Get the Dirt Out

All living things require clean water for survival. Human activities can add materials to water that make water unfit for use, or pollute the water.

Polluted or dirty water affects the lives of plants and animals to the point of making them unhealthy. In extreme cases, polluted water can kill plants or animals. The best solution to water pollution is to prevent it from happening. This is not always possible, so methods have been devised to remove some pollutants from waters.
Filters are used to remove sediment. Undisturbed soil is a natural filter. As water passes through it, pollutants are trapped. There are also human-made filters. For example drinking water treatment plants use sand filters. Other filters, like silt screens and straw bales, are used for construction sites. Filters help clean water but do not remove all of the pollutants. Filters do not necessarily remove some contaminants such as soluble chemicals and bacteria.


  • Describe water pollution.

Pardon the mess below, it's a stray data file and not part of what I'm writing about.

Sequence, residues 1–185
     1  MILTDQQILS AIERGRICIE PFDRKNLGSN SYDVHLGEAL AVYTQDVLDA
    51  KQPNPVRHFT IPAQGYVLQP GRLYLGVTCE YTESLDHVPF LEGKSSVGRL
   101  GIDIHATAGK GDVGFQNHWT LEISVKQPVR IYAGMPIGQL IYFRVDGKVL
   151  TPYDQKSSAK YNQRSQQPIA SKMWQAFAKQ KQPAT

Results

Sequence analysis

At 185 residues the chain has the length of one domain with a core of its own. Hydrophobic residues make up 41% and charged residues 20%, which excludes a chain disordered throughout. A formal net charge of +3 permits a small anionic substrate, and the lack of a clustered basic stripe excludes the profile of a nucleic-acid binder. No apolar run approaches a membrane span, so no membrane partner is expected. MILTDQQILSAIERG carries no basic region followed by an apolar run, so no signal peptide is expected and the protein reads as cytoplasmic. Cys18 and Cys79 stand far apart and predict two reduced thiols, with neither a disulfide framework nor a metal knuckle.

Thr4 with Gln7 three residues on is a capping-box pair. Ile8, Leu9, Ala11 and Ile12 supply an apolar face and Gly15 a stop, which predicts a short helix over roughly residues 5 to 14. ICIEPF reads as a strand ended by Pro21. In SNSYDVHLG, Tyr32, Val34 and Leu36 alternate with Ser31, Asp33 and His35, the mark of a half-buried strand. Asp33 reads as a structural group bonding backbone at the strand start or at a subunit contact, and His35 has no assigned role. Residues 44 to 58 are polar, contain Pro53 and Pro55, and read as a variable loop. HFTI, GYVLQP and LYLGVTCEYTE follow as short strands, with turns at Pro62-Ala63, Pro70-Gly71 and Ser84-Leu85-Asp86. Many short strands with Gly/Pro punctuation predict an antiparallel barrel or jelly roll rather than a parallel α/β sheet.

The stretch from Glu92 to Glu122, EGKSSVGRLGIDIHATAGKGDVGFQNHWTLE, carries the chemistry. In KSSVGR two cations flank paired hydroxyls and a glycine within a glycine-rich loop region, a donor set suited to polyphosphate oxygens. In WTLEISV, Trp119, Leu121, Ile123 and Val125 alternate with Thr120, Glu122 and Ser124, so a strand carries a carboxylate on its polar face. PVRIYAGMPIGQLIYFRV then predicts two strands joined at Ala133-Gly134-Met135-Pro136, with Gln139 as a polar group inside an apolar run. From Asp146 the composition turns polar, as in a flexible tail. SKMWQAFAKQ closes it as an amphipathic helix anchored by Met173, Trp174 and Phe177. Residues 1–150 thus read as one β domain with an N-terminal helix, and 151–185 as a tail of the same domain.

• Compare clean and dirty water.
  • Describe the importance of clean water for
    daily use.

Materials Needed

  • 3 clear plastic glasses
  • Tap water
  • Pencil shavings
  • Paper strips
  • Styrofoam peanuts
  • Filtering material (coffee filter, cheesecloth)
  • Sand/Soil
  • Vinegar & Detergent


  1. Explain water pollution and its affects on everyday life prior to conducting demonstration.
  2. Pour water into 2 clear plastic glasses. Set one glass aside.
  3. Allow students to add items such as pencil shavings, paper strips, Styrofoam peanuts,
    detergent, vinegar, etc. to the first glass.
  4. Take filtering material to top of polluted glass and have students filter off water to separate
  5. Ask students to compare the two glasses and discuss the importance of clean water for
    drinking, swimming, and bathing.

Topics for Discussion

  • Discuss the results of the experiment. Is the water “clean”?
  • Feel and smell the water. Discuss that even though water looks clean it’s not necessarily clean.